March is slipping away fast and I have not yet written this month’s celebration of the twentieth anniversary of the publication of “Clicker Training for your Horse”. It’s been a jammed packed month. The Clicker Expo and the Art and Science of Animal Training conferences were back to back this year. Both conferences become endurance tests because I can’t resist the late night conversations with the other faculty members. We typically don’t stop until one or two in the morning, and then only because we know we have presentations to give the next day.
For most of the month I had the added endurance test of night checks on the goats while I waited for Trixie and Thanzi to give birth.
Prepping for the conferences would have been enough to fill this month, but I also added the launching of the new Equiosity podcast with Dominique Day.
Episode 3 just went live yesterday. The conferences are done, the goats are all doing great, so finally I can write my thank you to the people who helped open the doors to these great adventures.
It’s always a challenge to pick one person out of the many hundreds who have played principle roles in bringing clicker training so actively into the horse community. This is the last day in March. Spring is coming which means the clinic season is about start up again. So it seemed like a good choice to celebrate the clinics and the many organizers and attendees. I couldn’t possibly list all the names. I’d be bound to leave someone out, so instead I am going to thank just one person, Kate Graham who, along with Lin Sweeney, for years hosted the Groton New York clinics.
I’m choosing Kate for two reasons. One, the Groton clinics were one of my first clicker training clinics, and the first that turned into a recurring event. Two or three times a year we would gather in Lin’s living room for the start of a great weekend. Many people who became very instrumental in helping to expand clicker training were regulars at these clinics.
My main memory of the first Groton clinic was not of horses but of snow. Saturday night we went out to dinner as a group. We drove through near white out conditions to get to the restaurant. In spite of the cold weather that weekend people were hooked. We’d just scratched the surface of what is possible. None of the horses in that first clinic had any clicker training experience so most of the training involved basic targeting. But even so people were excited by the changes they were seeing in their horses.
I will always be grateful to Kate and Lin for saying – “Let’s do this again!” If I had spent all my travel time just giving start-up clinics, I would never have been able to take clicker training past the basics of simple targeting. My own horses would have known the joys of beautiful balance and all the other great gifts that clicker training brings us, but I wouldn’t have been able to share it with others through the clinics. Instead clinic by clinic we moved the work forward.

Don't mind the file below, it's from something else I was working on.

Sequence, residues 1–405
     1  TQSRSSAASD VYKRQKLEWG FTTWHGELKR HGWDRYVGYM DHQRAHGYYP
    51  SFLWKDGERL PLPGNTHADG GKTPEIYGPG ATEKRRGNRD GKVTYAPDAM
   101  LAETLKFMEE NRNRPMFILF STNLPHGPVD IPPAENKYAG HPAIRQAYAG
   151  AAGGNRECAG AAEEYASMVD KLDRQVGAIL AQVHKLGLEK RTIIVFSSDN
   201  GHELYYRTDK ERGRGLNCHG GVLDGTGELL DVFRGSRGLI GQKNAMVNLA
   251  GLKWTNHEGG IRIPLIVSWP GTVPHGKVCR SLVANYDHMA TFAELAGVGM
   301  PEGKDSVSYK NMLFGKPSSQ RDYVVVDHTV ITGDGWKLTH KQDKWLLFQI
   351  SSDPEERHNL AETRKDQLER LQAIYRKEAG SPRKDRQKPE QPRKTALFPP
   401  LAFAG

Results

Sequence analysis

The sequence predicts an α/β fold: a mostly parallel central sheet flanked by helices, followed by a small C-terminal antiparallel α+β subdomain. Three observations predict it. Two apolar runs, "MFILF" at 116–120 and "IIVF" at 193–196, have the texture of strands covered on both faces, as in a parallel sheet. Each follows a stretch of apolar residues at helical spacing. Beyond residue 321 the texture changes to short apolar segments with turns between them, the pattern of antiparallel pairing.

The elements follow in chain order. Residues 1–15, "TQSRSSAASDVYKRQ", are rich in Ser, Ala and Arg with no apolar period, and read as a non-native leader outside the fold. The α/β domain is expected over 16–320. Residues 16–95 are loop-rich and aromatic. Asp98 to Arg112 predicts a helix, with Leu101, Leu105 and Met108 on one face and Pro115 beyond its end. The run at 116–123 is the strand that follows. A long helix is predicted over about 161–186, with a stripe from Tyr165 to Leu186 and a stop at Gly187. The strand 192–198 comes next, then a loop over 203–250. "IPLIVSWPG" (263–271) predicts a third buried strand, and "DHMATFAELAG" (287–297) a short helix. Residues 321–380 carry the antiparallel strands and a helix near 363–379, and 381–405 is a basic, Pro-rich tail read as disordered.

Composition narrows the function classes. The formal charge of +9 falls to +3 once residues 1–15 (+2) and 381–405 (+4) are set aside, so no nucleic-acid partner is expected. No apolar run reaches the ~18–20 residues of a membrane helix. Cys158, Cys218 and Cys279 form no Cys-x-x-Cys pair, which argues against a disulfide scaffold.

We had a core group of regular attendees which meant I got to see horses advance through the stair steps of the training. Katie Bartlett was among this group. I got to see her senior horse, Willy, turn into a clicker super star, and then I watched her young Dutch warmblood, Rosie, develop from gawky youngster into a beautiful riding horse.
One of Lin Sweeney’s horses, a standardbred named Button, became a school horse for clinic attendees. Button became a super teacher for anyone who wanted to learn about lateral flexions. And then there was Lucky, Kate’s horse.
Lucky is the second reason for saying thank you to Kate. Watching the two of them together always made me smile. Lucky was a Connemara cross (or so Kate was told.) He started with that all too usual story. The first time Kate rode him after she bought him, Lucky spun and bolted as she was getting on him. Kate fell off and broke her ankle.
To get him to the point where he could be ridden safely Kate looked at John Lyons’ work. She found one of his instructors living within driving distance in Canada. She helped her enormously. When I first met Lucky, Kate could ride him, but he was incredibly wiggly. Straight lines were not in his riding vocabulary.
I knew about that stage from my own exploration of single-rein riding. Teaching a horse to be soft is done through lots of bending into lateral flexions. Your horse now feels wonderfully light. He is safe to ride. You don’t have to worry about the spooking or the bolting off. Those terrors are now a thing of the past, but your rides seem to be mostly about going in small circles. Lyons knew how to sort out all this bending for his own horses, but he was just beginning to figure out how to teach it to others. So Lucky was stuck in the stage where going in circles and wiggly lines was the norm.
I had also studied Lyons work and was familiar with the single-rein riding, so I understood what Kate was working on with Lucky. Peregrine had taught me how to insert clicker training into the process which dramatically changed the conversation.